Flu season is just around the corner! We can minimize the impact of flu and improve the overall health of our families and our communities. We’ve written this blog to share the health risks that come with the flu and the benefits of getting a flu shot. This is the time to fight the flu before it gets to you!
Why get a flu vaccination?
Influenza (a.k.a. “the flu”) is a potentially serious disease that can lead to hospitalization…and sometimes even death. Every flu season is different, so it is difficult to predict how hard the flu will hit and how many it will affect. However, what we do know is this:
- The flu is an infection that can affect people differently.
- Millions of people get the flu every year.
- Hundreds of thousands of people are hospitalized with the flu each year.
- Thousands of people die from flu-related causes every year.
The best way to fight the flu is by getting vaccines for you and your family. Vaccination has been shown to have many benefits including reducing the risk of flu illnesses, hospitalization, and even the risk of flu-related death in children.
So how exactly do flu vaccines work?
Flu vaccines cause antibodies to develop in the body about two weeks after vaccination. For this reason, we encourage patients to get in, get their flu shots, and get ahead of the spread of flu. These antibodies provide protection against infection with the viruses that are in the vaccine.
Who should get a flu shot?
The CDC recommends that everyone 6 months of age and older should get a flu vaccine. This recommendation has been in place since February 24, 2010.
Flu shots are particularly important for people who are at high risk of serious complications from influenza. A person’s age, current health, health history, and allergies are all factors when it comes to working with your provider to determine whether you are at risk. It is important to talk to your provider if you have any questions or concerns about allergies or risks associated with the flu shot.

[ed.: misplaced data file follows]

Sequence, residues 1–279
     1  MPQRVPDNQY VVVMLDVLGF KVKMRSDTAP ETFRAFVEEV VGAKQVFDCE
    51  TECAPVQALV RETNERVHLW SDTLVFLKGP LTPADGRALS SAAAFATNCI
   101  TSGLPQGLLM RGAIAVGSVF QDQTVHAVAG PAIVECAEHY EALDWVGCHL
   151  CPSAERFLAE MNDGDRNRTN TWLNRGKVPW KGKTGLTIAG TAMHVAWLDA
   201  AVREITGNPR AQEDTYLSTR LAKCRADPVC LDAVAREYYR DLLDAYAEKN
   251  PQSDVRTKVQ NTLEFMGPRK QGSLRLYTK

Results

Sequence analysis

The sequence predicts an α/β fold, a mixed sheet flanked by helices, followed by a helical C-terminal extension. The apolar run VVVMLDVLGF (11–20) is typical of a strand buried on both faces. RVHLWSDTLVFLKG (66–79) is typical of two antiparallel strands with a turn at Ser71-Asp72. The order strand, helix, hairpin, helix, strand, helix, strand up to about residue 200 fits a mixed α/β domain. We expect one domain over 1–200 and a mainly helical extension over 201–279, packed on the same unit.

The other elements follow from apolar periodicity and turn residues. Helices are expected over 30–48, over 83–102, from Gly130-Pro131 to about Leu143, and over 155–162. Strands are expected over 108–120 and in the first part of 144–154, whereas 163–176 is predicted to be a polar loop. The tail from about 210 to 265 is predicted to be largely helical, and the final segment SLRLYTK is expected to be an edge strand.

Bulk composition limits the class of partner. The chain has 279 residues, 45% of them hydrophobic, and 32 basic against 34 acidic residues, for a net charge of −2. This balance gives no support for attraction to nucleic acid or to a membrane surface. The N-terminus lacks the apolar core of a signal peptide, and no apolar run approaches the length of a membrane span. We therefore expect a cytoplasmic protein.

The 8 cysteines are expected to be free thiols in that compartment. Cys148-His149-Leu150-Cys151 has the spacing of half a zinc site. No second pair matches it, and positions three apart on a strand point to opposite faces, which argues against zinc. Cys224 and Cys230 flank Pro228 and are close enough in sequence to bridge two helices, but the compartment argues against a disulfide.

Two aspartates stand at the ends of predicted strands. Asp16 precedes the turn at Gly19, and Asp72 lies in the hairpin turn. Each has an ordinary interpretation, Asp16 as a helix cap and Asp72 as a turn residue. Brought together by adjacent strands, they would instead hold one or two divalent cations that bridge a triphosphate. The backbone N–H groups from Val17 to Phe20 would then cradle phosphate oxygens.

When should I get vaccinated?
You should get a flu vaccine before flu begins spreading in your community. It takes about two weeks after vaccination for antibodies that protect against the flu to develop in the body. The CDC recommends that people get a flu vaccine by the end of October.
Why do I need a flu vaccine every year?
We need flu vaccines every year for two reasons. First, immune responses from vaccination decline over time. We need flu shots to protect our bodies. Second, vaccine formulations are reviewed and updated each year to keep up with changing flu viruses. As a result, the CDC suggests that for the best protection, everyone 6 months and older should get vaccinated annually.
What are the benefits of flu vaccination?
There are many reasons to get a flu vaccine each year. Here are a few of the benefits:
- Flu vaccination can keep you from getting sick with flu.
- The vaccination can reduce the risk of flu-associated hospitalization for children, working age adults, and older adults.
- Vaccination helps prevent serious medical events associated with some chronic conditions.
- Vaccination helps protect women during and after pregnancy.
- Flu vaccines can be life-saving in children.
- Flu vaccination has been shown in several studies to reduce the severity of illness in people who get vaccinated but still get sick.
- Getting vaccinated yourself may also protect people around you, including those who are more vulnerable to serious flu illness, like babies and young children, older people, and people with certain chronic health conditions.
By getting flu shots we can work together to fight the flu in our communities and reduce the risk for those around us.